Google chief Sergey Brin has warned that the internet is facing a "threat to freedom" as the result of censorship and walled gardens from rivals Facebook and Apple.
Brin was thought to be behind the controversial decision to pull out of the growing Chinese market on the basis of alleged state-sponsored cyber-attacks. However in an interview with the Guardian he admitted that he had underestimated the continued effect of censorship.
"I thought there was no way to put the genie back in the bottle, but now it seems in certain areas the genie has been put back in the bottle," said Brin of ever more aggressive web censorship regimes in China, Saudi Arabia and Iran.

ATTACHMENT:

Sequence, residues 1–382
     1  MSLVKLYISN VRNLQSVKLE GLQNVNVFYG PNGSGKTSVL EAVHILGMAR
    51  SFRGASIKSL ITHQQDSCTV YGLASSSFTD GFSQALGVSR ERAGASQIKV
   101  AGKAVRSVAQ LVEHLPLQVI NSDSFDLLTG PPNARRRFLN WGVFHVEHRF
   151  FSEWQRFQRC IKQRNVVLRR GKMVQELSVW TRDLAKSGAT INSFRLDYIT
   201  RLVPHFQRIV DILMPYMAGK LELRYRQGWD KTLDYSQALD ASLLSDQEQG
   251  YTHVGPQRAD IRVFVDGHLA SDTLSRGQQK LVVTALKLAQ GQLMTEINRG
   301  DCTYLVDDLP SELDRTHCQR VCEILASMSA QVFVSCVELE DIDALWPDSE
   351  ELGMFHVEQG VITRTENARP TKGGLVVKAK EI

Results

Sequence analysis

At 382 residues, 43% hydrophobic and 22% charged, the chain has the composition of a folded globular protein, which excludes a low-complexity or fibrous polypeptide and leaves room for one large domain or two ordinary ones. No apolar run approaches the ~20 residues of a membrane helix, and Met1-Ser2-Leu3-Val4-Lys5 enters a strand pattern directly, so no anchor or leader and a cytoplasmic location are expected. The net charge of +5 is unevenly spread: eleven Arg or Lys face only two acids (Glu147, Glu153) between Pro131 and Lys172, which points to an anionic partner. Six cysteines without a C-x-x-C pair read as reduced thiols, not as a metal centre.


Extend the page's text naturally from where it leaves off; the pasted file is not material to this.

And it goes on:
Brin also said that he and co-founder Larry Page would not have been able to found the ubiquitous Google search engine if the internet was already dominated by Facebook. He went on to complain that Facebook had been "sucking down Gmail contacts for many years" without reciprocating.
The Google chief also jumped on the bandwagon of obviousness by stating the relative ease in which content can be pirated compared to the often convoluted hoops that must be jumped through in order to legitimately buy content.
Brin placed the blame for the situation at the walled gardens of content services, presumably iTunes.
The interview with the Google chief comes as the Guardian begins a week of coverage on what they describe as "the intensifying battle for control of the internet being fought across the globe between governments, companies, military strategists, activists and hackers."
"I am more worried than I have been in the past," Brin said, adding that "very powerful forces" had lined up against a free internet.